Inside Lines: Good Lord! Tory Coe backs Tony crony

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The Independent Online

Dateline: Monaco

Amid the proliferation of kissy-kissies at the Laureus Awards, some serious networking was being undertaken in Monte Carlo on behalf of the cities lining up to fight it out for the 2012 Olympic Games. Not least by Sebastian Coe, who though so far unenlisted, surely has a crucial part to play in London's bid. The back-to-back 1500 metres champion of 1980 and 1984 remains Britain's most-recognised Olympian among sport's powerbrokers, and he is already using his political lobbying skills on London's behalf, even though a coolness still exists between him and Britain's Olympic hierarchy. Ironically, this stems from his involvement in an earlier attempt to get a London bid off the ground at the time Manchester was going for the Games. The BOA president, Princess Anne, was far from amused. This royal rift has to be repaired, because London needs Lord Coe, who is shortly to be elected to the IAAF, and he certainly feels the need to be part of the bidding team. His presence here - he is an Laureus Academy member - was an invaluable opportunity to hobnob with the several IOC members present. Coe believes London has an outstanding chance and, curiously for a Tory, thinks the bid leader should be fellow peer and former BP chairman Lord Simon, a Blair confidant and one-time trade minister. He says: "He [Simon] is multilingual - even speaking Japanese - has the confidence of the prime minister and a great commercial track record. He knows sport too, and was with me on the old Sports Council." If the chic and well-prepared Paris launch was an indication, London may have some catching up to do, and they will also need Coe's fast legs to help carry them through to the tape.

Hagler: Harrison must be bossed - not boss

"Marvelous" Marvin Hagler knows what it takes to become a world champion. As his prefix implies, he was always one L of a fighter. The former undisputed middleweight champion, who is now 49 and got out of the game 16 years ago with cash and credibility intact, took time out from enjoying the Laureus bash to tell us that he reckons Audley Harrison can become a world champion, too - but not the way he is doing things now. "I believe he has the ability to make it, because when you look at the heavyweight division, who's out there? But he needs better management. It's a big mistake thinking you can do everything yourself." Harrison takes on his 11th opponent, Matthew Ellis, at York Hall on Saturday. By comparison, Blackpool's Ellis, 29, six inches shorter and three stones lighter, will seem a midget. That's how Audley likes 'em. But apparently the BBC do not, which is why they seem to be switching their long-term resources to backing his charismatic amateur-days room-mate, the light-heavyweight David Haye.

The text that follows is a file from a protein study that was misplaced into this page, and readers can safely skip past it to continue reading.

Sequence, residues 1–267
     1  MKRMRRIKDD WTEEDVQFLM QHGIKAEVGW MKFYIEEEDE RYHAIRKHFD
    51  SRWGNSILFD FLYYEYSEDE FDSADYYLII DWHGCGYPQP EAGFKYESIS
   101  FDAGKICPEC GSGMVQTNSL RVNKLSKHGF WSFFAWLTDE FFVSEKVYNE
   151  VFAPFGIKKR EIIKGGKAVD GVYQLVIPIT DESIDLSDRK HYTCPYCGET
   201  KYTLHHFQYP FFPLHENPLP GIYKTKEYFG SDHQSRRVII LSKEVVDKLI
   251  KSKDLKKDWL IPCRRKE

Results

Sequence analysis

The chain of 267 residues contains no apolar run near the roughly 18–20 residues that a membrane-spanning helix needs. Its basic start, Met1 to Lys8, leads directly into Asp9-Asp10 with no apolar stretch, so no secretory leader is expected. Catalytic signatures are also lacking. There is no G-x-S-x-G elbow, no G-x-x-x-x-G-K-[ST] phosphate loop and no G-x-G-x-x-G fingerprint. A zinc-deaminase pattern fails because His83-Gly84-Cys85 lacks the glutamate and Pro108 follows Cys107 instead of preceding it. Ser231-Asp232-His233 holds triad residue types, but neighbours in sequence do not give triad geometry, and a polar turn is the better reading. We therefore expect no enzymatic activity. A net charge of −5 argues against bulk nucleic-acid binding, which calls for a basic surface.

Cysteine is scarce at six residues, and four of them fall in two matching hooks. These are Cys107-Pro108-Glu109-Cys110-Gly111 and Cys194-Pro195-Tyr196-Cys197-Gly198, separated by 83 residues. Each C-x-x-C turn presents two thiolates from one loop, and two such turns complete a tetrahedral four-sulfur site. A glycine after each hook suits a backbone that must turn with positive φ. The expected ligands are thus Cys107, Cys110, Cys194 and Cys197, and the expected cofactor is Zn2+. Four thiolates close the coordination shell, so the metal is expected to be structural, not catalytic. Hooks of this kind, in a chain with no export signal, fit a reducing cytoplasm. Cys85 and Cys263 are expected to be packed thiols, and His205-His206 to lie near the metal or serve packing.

Football the poor relation in Monaco

Next weekend's Monaco Grand Prix will make over £200m for Monte Carlo, and goodness knows how many million euros were poured into the Principality during sport's diamond-drenched awards. So how come the most opulent spot on the Riviera can barely support a football team? AC Monaco, arguably the best club in France, where Hoddle and Wenger were once in residence, have sparse support despite still being in contention for the League title, and have run up £60m losses in three seasons. Club patron Prince Albert is barred by government regulations from bailing them out, and unless backers are found to cover the debts, coach Didier Deschamps et al face compulsory relegation.

You will be interested to know that Katarina Witt, the sexiest-ever skater and erstwhile "Playboy" pin-up, reckons that size doesn't matter. OK, so we're talking Olympics here.

Witt, at 37 still as captivating as ever on or off the ice, is actively promoting Leipzig, one of London's rivals for 2012. It would be the smallest-ever host city, but she says: "Yes, it is small, with a population of under half a million, but I grew up in that area of East Germany. Leipzig would be great hosts. The Games would be compact and well-managed, with excellent facilities." The first sports personality effectively to straddle the Berlin Wall, and one who claims never to have been contaminated by the drugs culture ("at least, not knowingly"), Witt is still unmarried, and says she is "between boyfriends". Her escort at the glittering sports awards ceremony was Monaco's bachelor Prince Albert himself, which made Katarina's cleavage even more the focus of the cameras than Kylie's bottom.

Apart from dishing out Oscar-style gongs to the high achievers of sport (it was not The Brits, as neither Radcliffe nor Rooney got a look-in, while Ronaldo won two trophies), the purpose of the Laureus Awards is to highlight their Foundation's work in using sport to help combat social ills.

Led by Edwin Moses, Academy members, who include Marcel Desailly, Boris Becker, Lord Coe and Sir Bobby Charlton, have travelled to all continents, setting up 18 schemes to tackle delinquency, homelessness and drugs in areas of great sporting deprivation. The thought occurs that, with playing fields and Lottery cash dwindling fast, it won't be long before they will be urgently needed in Britain.

insidelines@independent.co.uk

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